which invariably produced results.
While in Iceland I also met Glen Davidson, W9DDU; John R. Swink, WSTEF;
Wm. Brooks, WSFKT; Walter H. Bales, W9ADH; James A. Shanks, W9JCI, and Joseph Palm, OPLO. There were others, too,
but their calls slip my memory. We fought the battle of boredom and the peculiar atmospherics that play havoc with
all radio communications in Iceland. In the postwar era, when you QSO Iceland, don't be surprised if the TF
suddenly does a fade-out in the middle of a QSO. The air goes completely dead in a matter of seconds. Sometimes it
stays dead for several hours; sometimes for only a short while. The result is unpredictable, intermittent
communication. We usually blamed the northern lights for this phenomenon. In fact, we blamed the aurora for almost
every radio trouble - including power failure!
Iceland is cold and stormy in the winter months - and so is
the North Atlantic! No one knows this better than Lt. James A. Shanks, W9JCI, who spent several hours in a small
lifeboat after his ship was torpedoed somewhere off the coast of Iceland. The torpedo hit during the early morning
hours, in pitch dark and bitter cold. The ship listed badly but Lt. Shanks and other passengers launched lifeboats
before the ship went down. They drifted in darkness through the rough seas for over four hours. Soaked to the skin
by spray, by dawn they were nearly frozen. W9JCI almost qualified for Silent Keys before their flares were sighted
by a Coast Guard cutter.
Another Signal Corpsman, Lt. William Valentine, was aboard the ship with W9JCI. When the torpedo struck he made
his way below deck to the sick bay to help get the patients into the lifeboats. Disregarding his own safety,
Valentine stayed aboard until all the launchable boats were filled. By then the ship was sinking fast. A few
seconds before it went down Valentine climbed to the bridge, cut loose a small life raft, and slid with it into
the sea. He was picked up several hours later, nearly dead from exposure and fatigue - but on the raft with him
were three other survivors he had fished from the sea. Upon reaching Iceland Lt. Valentine was awarded the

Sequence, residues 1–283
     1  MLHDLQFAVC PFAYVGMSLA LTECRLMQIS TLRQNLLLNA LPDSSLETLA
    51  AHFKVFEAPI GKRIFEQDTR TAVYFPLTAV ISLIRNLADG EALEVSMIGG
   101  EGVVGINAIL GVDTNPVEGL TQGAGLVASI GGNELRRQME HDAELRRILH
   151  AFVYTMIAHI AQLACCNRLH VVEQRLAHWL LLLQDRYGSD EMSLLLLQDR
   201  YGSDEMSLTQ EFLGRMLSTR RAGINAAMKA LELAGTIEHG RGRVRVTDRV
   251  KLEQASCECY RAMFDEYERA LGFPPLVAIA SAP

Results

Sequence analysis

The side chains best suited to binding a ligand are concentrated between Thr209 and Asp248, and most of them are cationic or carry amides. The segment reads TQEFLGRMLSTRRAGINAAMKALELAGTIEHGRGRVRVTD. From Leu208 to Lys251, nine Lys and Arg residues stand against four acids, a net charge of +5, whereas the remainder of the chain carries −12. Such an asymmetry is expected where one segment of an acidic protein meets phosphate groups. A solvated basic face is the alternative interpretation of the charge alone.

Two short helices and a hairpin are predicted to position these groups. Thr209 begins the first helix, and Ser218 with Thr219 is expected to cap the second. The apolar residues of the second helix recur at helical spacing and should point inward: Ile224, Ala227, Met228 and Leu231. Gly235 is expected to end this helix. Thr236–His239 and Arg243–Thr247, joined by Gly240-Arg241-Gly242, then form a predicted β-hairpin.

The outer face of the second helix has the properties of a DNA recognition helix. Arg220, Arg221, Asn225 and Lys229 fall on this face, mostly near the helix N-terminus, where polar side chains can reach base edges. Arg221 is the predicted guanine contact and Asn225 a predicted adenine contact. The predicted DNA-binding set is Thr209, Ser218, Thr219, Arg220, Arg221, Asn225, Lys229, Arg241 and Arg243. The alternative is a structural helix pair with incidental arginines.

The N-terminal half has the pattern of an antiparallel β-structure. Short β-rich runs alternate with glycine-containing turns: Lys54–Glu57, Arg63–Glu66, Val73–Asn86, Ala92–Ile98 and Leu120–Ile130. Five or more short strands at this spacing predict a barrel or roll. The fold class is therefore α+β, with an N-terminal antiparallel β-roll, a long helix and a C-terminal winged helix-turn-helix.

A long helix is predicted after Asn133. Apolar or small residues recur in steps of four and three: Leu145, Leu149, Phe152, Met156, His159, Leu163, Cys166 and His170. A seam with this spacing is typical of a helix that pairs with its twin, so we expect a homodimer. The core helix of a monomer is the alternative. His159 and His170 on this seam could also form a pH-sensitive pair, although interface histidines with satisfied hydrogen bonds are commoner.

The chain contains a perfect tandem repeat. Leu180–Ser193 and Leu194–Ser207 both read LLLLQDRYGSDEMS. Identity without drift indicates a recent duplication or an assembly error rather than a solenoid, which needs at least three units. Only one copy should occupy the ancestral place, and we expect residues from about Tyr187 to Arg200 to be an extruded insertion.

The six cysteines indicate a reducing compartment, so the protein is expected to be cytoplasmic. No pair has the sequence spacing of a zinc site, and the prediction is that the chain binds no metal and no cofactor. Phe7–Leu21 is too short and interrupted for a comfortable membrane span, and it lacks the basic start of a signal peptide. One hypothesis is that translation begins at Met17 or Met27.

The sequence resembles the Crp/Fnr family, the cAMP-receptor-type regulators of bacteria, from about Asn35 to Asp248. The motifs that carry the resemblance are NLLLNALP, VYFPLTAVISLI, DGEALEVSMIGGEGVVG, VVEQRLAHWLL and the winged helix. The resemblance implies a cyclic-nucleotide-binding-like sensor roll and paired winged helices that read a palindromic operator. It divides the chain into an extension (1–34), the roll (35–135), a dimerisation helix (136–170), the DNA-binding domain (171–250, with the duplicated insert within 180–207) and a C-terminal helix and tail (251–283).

Soldiers' Medal. His citation read "for extraordinary heroism" - and justly so.
However, Iceland isn't
always a land of ice and snow. In the summer it is a beautiful place where the sun shines twenty-three hours each
day. The Icelanders are an intelligent, progressive people. Indeed, at times I felt they were a bit too
progressive. Once I paid 20 kronur for a bunch . of grapes. To satisfy my curiosity, I counted the individual
grapes and divided by the rate of exchange. They had cost me the equivalent of ten cents each! Another time I
bought a genuine hand-made Icelandic souvenir in a curio store. It seemed a steal at 150 kronur ($10.00) - until I
found, marked inconspicuously on the bottom, the label "Made in U. S. A."
Icelandic hams seemed to be a
scarce in person as they used to be on the air. Unscrupulous DXer that I am, if I could have found one I'd have
tried to snare a QSL card - or at least arrange a postwar schedule. In the past I've spent many fruitless hours at
Babler Park in St. Louis County pounding out answers to Icelandic CQs on 14-Mc. c.w. But even in Iceland I
couldn't raise a TF.
There are other foreign hams whom I hope to meet in person while I am in Europe -
particularly ON4HC, whom I once talked to from W9JWJ at Ferguson, Mo. The fact that I couldn't work him on the
same band at home, with 300 watts as compared with W9JWJ's 30, is better not discussed. I think he discovered that
W9JWJ. is a YL and picked his QSO accordingly.
The following amateurs of VII Corps are currently living on
the German side of the Siegfried line:
W1BLO, Pvt. Eugene J. Gaumont, SC
W1GKJ, M/Sgt. Lionel Simon, SC
W4EVH, S/Sgt. Ralph Jenkins, SC
W4IDI, Cpl. Edward Talley, SC
W5FRP, Colonel John H. Sampson, FA
W5KHZ, CWO Hilton J. Allen, AUS
W8QMK. T/4 Chester E. Riker. FA
W8UBF, T /3 Mitchell A. Paniwozik, SC
W9MNS, T/3 Irving E. Olsen, SC
W9YVR-ex- W5GQQ, Capt. Alexander S. Turner, SC
K5AT, 1st Lt. Francis X.
K5GQO-ex-W2MAP-KA1US, WOJG, William R. Scott, AUS
OPLO, T/Sgt. Joseph T. Palm, SC
Obviously, the hams mentioned in this account represent only a fraction of the total of those doing their bit in
the ETO. Even in VII Corps undoubtedly there are other hams who have not been included but who have also
experienced the long, hard trek of VII Corps from the Normandy beachhead to the interior of Germany .